Thursday, March 02, 2006

I'm Chatting Tomorrow at Noon!

Hey, Gang:
I'm doing a chat in the TKA chat room tomorrow at Noon EST. Would love to see you there! I know many of you also visit that blog and probably know, but thought I'd let you know.

Meanwhile, am winding down on PARALLEL HEAT. Got some amazing research info from a fellow writer today, including pictures of the USAF base that figures into the story. The wonderful woman sent me pictures! It's amazing to me how life conspires to bring you exactly what you need creatively. Take Julie Ramsey at my office, for example. As some of you will find out (and some already know! Thanks for the plug, Jax!) part of Parallel series involves fighter pilots and aerial action. Not major amounts, but enough that when she showed up for her interview and formed me that her father is involved at Lockheed, and that she could help me get a tour, and so forth, I knew that it was meant to be. And guess what else? Julie has proved a font of interviewing opportunity, arranging for me to interview an FBI linguist right when I needed it, and so forth.

Then today the fellow writer has precisely the information I need. I love it! Research is such an important part of bringing a book alive for me. If I can, I like to have visited the setting--or be planning to visit it--for the stories that I write. Clearly if the book is set off-world on some imaginary alien planet, well NO, can't do that. But I can at least draw on elements of a place I know. It's almost like method acting.

I'm not advocating this for all writers; I'm just saying that for me it breathes extra life into the world, making it more vivid. I'm lucky, too, that in my lifetime I've traveled pretty extensively. Not all at one time, but over the years. I've biked across Europe, traveled Europe by train, studied in London, ridden across the country four times. Spent time out west in a camper. You name it. In fact, there are only three states in the US that I haven't visited, Idaho, Montana and Alaska. I hope to add those in the years to come.

Anyway, that reminds me that my four year old has a bday coming up! And we plan to give her a Dora the Explorer party because she's just so into her (she really IS that into you, Dora!) We're going to make party compilation CD's that are all about traveling and exploring. THe first song on the CD? ROAM by the B52's!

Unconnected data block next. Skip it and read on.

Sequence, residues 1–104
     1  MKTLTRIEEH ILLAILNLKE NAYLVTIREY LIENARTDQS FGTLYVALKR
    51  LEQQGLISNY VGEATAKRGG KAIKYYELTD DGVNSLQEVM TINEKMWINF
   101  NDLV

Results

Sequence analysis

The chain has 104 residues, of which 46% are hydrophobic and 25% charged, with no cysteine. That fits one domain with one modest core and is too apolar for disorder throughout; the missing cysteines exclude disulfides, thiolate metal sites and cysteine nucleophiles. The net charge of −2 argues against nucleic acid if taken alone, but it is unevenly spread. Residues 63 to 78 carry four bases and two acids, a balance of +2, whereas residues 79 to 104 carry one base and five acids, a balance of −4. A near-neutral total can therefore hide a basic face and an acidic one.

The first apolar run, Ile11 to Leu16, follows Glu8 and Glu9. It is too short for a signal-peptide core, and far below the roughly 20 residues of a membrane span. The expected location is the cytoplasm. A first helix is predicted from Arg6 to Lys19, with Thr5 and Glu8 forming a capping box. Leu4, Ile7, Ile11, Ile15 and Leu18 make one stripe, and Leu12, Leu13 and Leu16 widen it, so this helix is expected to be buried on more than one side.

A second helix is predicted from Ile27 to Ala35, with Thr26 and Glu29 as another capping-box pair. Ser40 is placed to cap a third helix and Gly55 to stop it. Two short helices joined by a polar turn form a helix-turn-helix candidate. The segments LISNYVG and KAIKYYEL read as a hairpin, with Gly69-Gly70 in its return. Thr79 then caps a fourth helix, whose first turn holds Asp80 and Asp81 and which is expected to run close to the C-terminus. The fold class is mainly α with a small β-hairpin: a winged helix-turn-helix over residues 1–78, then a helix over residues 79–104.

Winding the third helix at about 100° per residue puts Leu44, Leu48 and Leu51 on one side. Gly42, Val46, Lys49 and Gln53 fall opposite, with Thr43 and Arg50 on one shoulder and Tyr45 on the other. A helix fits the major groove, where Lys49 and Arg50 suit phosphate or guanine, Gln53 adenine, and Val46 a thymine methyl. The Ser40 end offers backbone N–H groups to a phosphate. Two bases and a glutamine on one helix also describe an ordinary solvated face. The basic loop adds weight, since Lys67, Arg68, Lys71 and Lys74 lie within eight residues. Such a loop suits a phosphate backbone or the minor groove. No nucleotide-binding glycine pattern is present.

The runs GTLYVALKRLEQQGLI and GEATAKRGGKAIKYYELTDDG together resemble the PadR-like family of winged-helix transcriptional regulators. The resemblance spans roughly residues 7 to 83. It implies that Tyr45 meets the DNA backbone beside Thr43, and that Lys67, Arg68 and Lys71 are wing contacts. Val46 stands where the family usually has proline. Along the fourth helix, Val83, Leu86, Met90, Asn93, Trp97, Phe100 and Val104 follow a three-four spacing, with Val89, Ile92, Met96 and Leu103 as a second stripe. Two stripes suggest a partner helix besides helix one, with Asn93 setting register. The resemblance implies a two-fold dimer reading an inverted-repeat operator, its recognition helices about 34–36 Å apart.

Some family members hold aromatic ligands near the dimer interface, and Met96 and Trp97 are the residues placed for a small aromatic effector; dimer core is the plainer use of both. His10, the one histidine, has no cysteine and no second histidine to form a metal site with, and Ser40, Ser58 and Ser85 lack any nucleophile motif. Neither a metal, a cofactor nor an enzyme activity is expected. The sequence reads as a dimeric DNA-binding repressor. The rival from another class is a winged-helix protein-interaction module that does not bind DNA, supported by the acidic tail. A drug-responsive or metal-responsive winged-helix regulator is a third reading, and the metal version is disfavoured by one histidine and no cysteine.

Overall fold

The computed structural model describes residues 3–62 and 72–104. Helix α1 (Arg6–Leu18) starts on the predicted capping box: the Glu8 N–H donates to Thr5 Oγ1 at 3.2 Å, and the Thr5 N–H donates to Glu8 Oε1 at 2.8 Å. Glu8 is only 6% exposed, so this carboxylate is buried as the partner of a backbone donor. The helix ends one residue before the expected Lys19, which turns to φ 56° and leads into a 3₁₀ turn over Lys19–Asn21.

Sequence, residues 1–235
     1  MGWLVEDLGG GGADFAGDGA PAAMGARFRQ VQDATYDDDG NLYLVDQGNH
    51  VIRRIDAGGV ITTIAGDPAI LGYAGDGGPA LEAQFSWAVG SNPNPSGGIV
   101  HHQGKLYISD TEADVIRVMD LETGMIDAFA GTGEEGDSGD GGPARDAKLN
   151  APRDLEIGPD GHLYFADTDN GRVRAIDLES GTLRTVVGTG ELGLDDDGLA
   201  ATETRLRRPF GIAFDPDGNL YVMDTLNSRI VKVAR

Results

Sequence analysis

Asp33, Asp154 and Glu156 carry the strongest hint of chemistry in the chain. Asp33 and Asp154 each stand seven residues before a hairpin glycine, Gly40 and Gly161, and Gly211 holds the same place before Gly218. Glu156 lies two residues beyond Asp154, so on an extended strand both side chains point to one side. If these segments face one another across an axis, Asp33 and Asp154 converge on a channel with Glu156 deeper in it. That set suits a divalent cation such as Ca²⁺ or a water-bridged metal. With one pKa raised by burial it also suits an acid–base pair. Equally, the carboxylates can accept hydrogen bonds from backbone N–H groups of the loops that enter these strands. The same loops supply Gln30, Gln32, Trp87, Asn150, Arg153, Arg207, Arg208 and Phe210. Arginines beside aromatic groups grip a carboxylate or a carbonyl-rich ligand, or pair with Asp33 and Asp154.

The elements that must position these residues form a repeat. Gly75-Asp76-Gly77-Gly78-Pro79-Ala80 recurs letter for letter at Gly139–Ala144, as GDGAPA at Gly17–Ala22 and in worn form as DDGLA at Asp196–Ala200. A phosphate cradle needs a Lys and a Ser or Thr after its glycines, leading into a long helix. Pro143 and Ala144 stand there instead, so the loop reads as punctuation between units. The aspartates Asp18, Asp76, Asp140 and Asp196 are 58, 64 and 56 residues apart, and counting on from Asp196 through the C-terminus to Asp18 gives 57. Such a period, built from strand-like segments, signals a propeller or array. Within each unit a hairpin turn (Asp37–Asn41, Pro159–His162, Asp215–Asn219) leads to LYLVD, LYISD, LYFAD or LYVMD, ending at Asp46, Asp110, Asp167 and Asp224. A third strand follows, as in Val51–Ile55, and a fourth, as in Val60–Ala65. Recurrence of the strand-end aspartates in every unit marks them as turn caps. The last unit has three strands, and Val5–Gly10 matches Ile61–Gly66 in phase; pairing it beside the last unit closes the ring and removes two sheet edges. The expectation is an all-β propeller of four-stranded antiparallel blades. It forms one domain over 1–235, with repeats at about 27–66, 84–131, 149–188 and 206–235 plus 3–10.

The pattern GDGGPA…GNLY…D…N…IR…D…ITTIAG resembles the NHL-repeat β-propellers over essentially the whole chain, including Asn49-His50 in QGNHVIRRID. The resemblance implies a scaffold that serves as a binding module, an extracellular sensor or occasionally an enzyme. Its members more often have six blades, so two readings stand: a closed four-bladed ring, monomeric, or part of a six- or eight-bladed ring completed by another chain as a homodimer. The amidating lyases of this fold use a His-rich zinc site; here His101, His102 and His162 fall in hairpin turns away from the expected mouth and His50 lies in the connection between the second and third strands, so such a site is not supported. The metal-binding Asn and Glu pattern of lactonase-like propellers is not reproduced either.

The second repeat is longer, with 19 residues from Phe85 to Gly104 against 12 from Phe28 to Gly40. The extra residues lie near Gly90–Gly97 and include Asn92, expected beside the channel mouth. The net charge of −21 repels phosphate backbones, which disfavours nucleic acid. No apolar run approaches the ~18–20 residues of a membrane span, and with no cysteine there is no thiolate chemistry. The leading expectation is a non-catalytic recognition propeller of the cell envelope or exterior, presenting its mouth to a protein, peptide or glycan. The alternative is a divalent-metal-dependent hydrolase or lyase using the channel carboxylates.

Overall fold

Ana Lee Kennedy said...
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Ana Lee Kennedy said...
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Ana Lee Kennedy said...

It's amazing how easy it is to obtain hard-to-get information just by making the right connections and talking to people.

I had to research Nobel Peace Prize recipient Joseph Rotblat for a paper I had to write. (One of the main minds involved in the development of the atom bomb, and one incredible man with an incredible history.) I sent an email of inquiry to a site he was affiliate with, and to my surprise, it was forwarded to him. Mr. Rotblat emailed me and even snail mailed me copies of his articles, papers, etc. He's 96 years old now, and so very charming.

The Beautiful Schoolmarm said...

If you get back to Wyoming, you must pop up to Red Lodge, Montana. (though I would suggest summer instead of winter. The snow on the passes can be fierce.) Missoula is nice too, but only in the early morning when the mist is rising off the mountains.

Anonymous said...

Research is fun. I love it because often it can lead on to a more exciting twist in a tale that you'd never even imagine unless you knew about it.
Faith is so right about how easy it is to obtain hard-to-get information. And when you do it you want to stretch the proverbial suspender belt straps, puff out your chest and say to yourself:

"I missed my vocation! I should have been God!"

Anonymous said...

I'm quite new to blogging and must have forgotten to fill in the "other" or something and I loathe anonymous posts so the above was me.